Students First Safety Act

Students First Safety Act (HF 2586) represents a two-year effort by IFC, to address school safety in a meaningful way.  However, it has been difficult.  After days of struggle in the House, Representative Matt Windschitl gave an impassioned, and direct, speech in favor of the bill to the House. Getting the bill to the floor of the House for a vote, and then getting the votes to pass the bill to the Senate, took a lot of effort. Iowa Firearms Coalition greatly appreciates those legislators who have steadfastly worked on behalf of student safety.

The bill is now in the Senate. The Senate Education subcommittee, to which it was assigned, voted to calendar it in the Senate.

Below is the text of the recent email communication by Representative Windschitl to his constituents about HF 2586, and other bills focused on making schools safer.


Representative Windschitl’s Message to Constituents


One of the main themes House Republicans have been working on this session is school safety and security for our students and staff in educational settings. We have brought forth numerous proposals surrounding this topic and will continue working on multiple ways to accomplish this goal.

One of the bills we have advanced to the Senate for consideration allows schools flexibility to protect students by arming staff. For a staff member to qualify for this responsibility, they must undergo specific training regarding active shooters and emergency response strategy, and they must obtain a professional permit to carry that requires elevated firearm training. The training laid out in the bill is extensive and rigorous. Keep in mind this would be on a voluntary basis for schools and staff to choose if they want to use this option. No one will be forced to undergo training if they do not want to have the responsibility, and no school is required to arm staff.

Another proposal we have put forth deals with school infrastructure and creates grants for schools to utilize technology to equip schools and detect bad actors with harmful intentions. This bill creates a task force to develop school safety building codes to determine what makes school buildings safer. Currently none exist.  With new standards, school officials will be able to make sure they are doing what they can from an infrastructure standpoint to make buildings safe for students and teachers. Along that same line, the bill prevents districts from bonding to build athletic stadiums or facilities unless and until their facilities are up to date with the school safety building standards from the task force.  Safety and security should be the priority.

This bill also deals with how schools can get help or send for help if an emergency arises. Schools are allowed to have a mobile panic alert system if it can connect to emergency services and integrates with local public safety answering points. This is a mobile phone application districts can utilize. The Governor’s office previously developed a grant program for emergency radios. Many schools took advantage of that grant, but some did not.  The Governor’s office has said that they plan to re-open that grant program to make sure all schools can have access to funding for the radios. If schools do not take advantage, they will be required to use their own funds.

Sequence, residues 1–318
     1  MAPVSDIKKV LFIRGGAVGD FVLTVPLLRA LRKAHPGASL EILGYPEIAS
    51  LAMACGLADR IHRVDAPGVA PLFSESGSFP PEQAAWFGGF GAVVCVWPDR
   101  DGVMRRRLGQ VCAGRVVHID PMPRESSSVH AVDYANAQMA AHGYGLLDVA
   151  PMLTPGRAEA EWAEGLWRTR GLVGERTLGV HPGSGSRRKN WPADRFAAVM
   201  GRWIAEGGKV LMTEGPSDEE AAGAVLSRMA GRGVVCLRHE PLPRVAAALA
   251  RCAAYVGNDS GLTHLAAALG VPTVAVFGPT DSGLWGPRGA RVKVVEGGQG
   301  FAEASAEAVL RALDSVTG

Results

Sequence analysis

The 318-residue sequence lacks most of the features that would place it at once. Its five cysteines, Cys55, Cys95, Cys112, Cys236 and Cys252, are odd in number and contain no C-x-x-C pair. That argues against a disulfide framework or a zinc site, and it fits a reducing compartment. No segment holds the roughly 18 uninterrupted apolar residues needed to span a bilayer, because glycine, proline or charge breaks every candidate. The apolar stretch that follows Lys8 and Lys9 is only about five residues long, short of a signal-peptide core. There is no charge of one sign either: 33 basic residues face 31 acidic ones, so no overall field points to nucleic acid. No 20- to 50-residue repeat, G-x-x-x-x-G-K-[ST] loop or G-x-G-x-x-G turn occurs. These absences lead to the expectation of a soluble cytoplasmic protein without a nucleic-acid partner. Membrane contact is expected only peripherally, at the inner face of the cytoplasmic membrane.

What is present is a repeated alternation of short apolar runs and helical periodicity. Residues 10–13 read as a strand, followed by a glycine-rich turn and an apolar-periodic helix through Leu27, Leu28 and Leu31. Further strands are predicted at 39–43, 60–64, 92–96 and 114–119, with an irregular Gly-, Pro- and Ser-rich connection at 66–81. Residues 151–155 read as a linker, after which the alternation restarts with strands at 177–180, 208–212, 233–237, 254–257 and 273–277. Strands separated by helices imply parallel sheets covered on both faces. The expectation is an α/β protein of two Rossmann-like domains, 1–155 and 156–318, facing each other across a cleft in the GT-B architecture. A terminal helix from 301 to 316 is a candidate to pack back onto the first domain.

This bill establishes two grant programs. The first is a three-million-dollar Firearm Detection Software grant program run by the Iowa Department of Homeland Security and Emergency Management. The grant program provides funds to school districts of varying sizes to help offset the cost associated with purchasing, installing, operating software that meets these requirements:

  • Designed to alert and detect district employees and first responders if there is a visible, unholstered firearm on a property owned by the school district.
  • Designed to integrate with a district’s existing security camera infrastructure.
  • Was developed in the U.S. without any of third-party data or open-source data.

The second grant program is the School Security Personnel Grants for Infrastructure, Equipment, and Training. This grant program states that if the bill is passed, it will provide school districts grants to purchase infrastructure and equipment related to employee permits to carry weapons, facilitate the training associated with employee permits to carry weapons, and to provide stipends to employees who participate in the training associated with employee permits to carry weapons. Districts who choose to enhance school security this way will have additional expenses and House Republicans want to help cover those costs to truly make schools a safer place for students and staff.

Regardless of the outcome of the Students First Safety Act in the Senate, all IFC members — indeed, all Iowans — owe Representative Windschitl their thanks for his fervent and steadfast support, as well as thanks to others who voted in favor of advancing the bill to the Senate.

If you are not a member of IFC, please join HERE and volunteer.  We have many opportunities to get involved.

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